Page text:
On the second line, Smith and Green would make up a dynamic pairing that could consistently contribute to the offensive side of the game. These two would also start most shifts in the offensive zone.
Finally, Ericsson and Marchenko would form the third pairing…for now. Marchenko has the talent and hockey IQ to play more impactful minutes. He could push Smith and Green for more ice time. As for Ericsson, he’ll need to rebound from a rough 2015-16 season or risk being pushed out of the lineup by the seventh defensemen.
Don’t just assume that the seventh defenseman will be Ouellet. It’s entirely possible that Sproul, Jensen, Robbie Russo or even Joe Hicketts comes to camp and earns a roster spot through terrific play.
After signing a six-year, $30 million contract this summer, DeKeyser is lined up to be the go-to guy this season. While he’s not a prototypical number one league-wide, the fact is he’s Detroit’s number one if Holland decides a trade isn’t the best course for his team.
At 26-years old and with that kind of money, he’ll be on the top pair for the foreseeable future. Of course, fans — and management alike — want more offense out of him. That’s where Green comes in. Green is the greatest offensive-defenseman on the Red Wings blue line and can teach DeKeyser a lot on the backend. As Brandon mentioned, the two complement each other well and should see a lot of time together pending chemistry.
Cue the broken record; can Kronwall’s knee(s) hold up? Kronwall’s 26 points were his fewest total since 2009-10 when injuries limited him to just 48 games. The minus-21 rating didn’t help either. His knees hampered his pivoting and when you’re a defenseman who can’t pivot, you’re vulnerable.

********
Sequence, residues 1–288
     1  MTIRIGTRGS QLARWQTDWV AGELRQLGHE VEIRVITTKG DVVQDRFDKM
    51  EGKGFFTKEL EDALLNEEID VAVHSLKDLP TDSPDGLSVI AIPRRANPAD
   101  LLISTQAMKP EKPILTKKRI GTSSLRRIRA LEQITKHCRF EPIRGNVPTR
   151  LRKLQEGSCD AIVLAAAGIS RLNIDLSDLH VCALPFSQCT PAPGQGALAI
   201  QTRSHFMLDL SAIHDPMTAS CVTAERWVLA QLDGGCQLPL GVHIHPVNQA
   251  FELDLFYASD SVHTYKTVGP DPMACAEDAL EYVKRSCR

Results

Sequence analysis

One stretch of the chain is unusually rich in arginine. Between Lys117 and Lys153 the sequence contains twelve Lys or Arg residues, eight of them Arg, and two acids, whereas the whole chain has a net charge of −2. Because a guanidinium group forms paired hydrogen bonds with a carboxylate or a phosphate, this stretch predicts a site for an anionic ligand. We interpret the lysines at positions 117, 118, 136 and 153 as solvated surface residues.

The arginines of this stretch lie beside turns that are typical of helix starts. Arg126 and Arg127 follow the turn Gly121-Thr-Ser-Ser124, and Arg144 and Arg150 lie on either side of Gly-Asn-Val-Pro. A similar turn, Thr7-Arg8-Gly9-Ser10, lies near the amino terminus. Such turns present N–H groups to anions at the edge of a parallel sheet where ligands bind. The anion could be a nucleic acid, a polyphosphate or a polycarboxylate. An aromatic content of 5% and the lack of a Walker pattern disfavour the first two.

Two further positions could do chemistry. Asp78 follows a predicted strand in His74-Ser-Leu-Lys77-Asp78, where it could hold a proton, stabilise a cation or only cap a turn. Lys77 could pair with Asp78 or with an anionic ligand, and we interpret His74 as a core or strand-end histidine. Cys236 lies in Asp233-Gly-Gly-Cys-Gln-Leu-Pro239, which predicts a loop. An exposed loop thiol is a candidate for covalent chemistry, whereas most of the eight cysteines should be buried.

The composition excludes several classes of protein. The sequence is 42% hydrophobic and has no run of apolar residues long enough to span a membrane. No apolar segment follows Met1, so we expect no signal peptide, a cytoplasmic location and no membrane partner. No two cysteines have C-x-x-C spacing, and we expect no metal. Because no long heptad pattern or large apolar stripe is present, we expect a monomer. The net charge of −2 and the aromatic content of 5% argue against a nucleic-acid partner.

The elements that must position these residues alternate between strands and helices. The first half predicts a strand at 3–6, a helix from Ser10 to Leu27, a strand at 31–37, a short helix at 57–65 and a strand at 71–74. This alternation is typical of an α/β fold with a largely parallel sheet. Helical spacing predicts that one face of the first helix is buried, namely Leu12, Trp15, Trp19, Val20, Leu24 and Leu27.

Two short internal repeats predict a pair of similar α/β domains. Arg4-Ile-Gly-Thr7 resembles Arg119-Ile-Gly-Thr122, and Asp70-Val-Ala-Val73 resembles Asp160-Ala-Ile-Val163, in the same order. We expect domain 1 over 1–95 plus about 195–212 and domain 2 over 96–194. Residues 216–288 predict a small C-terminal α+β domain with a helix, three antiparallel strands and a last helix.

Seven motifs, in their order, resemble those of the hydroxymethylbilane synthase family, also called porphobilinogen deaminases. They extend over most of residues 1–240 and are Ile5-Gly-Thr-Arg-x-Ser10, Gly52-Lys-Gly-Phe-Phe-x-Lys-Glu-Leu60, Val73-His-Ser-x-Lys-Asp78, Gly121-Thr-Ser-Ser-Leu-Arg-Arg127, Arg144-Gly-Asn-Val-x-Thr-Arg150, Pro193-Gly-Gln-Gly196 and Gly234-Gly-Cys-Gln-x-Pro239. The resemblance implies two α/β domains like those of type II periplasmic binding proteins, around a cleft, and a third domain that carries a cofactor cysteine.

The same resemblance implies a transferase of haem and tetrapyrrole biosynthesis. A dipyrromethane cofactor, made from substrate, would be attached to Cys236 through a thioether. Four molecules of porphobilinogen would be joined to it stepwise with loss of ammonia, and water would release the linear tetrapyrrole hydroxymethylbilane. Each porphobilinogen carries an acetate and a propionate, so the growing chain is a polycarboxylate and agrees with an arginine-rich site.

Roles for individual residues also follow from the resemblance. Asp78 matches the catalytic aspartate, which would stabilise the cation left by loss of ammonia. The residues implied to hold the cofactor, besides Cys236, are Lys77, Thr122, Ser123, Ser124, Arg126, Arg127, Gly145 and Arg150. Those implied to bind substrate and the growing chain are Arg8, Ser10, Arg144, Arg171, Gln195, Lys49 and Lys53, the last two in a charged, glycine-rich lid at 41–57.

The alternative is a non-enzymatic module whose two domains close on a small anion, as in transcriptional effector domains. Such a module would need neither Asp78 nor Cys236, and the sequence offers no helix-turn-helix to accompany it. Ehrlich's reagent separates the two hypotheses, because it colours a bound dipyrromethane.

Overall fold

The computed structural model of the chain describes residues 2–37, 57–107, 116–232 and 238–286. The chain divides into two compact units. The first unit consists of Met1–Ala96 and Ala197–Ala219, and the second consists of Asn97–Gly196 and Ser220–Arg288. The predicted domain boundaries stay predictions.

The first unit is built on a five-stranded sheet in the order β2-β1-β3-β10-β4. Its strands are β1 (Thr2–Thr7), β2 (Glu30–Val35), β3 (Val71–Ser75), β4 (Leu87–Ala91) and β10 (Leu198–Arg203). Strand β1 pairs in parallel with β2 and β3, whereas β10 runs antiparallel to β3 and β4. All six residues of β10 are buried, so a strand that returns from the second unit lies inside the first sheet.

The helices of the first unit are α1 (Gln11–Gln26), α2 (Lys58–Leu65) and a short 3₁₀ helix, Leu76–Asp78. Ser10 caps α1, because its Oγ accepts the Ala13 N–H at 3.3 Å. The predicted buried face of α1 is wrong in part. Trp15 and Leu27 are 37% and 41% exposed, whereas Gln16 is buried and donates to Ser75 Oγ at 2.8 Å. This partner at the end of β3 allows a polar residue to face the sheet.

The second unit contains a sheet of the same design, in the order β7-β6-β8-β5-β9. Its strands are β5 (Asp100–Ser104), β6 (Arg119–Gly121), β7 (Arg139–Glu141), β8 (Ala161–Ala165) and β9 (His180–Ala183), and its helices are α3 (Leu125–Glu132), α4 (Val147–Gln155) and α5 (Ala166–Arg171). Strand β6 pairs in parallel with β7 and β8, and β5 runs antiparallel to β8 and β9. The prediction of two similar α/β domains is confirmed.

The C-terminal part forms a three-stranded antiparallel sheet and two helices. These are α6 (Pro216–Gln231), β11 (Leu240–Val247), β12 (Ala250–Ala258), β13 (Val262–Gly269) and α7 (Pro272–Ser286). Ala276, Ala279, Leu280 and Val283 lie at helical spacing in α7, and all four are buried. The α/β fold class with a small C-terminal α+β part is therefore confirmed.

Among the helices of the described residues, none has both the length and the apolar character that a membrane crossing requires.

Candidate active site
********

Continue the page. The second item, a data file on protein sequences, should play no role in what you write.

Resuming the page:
If he can rebound and show that at 35 he still has some miles left in him, he could form a solid pair alongside the much under-rated Marchenko. At just 24, Marchenko has become a favorite of Blashill, playing in 66 games last season. He has learned quickly and was a key piece on Russia’s bronze-winning IIHF World Championship team back in May.
Much like DeKeyser, Marchenko can take the next step by learning alongside Kronwall and reading his offensive opportunities and using them. He’s set to build on his 11 points from 2015-16.
In reality, it’s Smith-Ouellet/Ericsson. Holland has too much wrapped up in Ericsson—four more years with a cap hit of $4.25 million—to not see him play. However, if Blashill wants to ice the best team possible, which Holland has stated he has asked him to do, Ericsson will find himself in the press box more often than not.
This season, Smith could show the Red Wings why they selected him 27th overall in 2009. Just 27, it’s not too late for him to carve out a nice regular spot in the lineup by limiting mistakes and making the best of his offensive-minded game.
Ouellet, 23, is no longer waiver-ineligible and will compete with Sproul and Jensen—who are also waiver-ineligible—to return to Grand Rapids. While none of the three carry high expectations, defense is hard to come by and the Red Wings could very well lose one or two come time to figure out the 23-man roster.
Ouellet is expected to have the edge with 30 NHL games under his belt and a certain poise that sees him steady and confident with the puck.
What pairs would you put together if you were in control? Comment below.
I offer opinions and insight on the Detroit Red Wings organization and its prospects.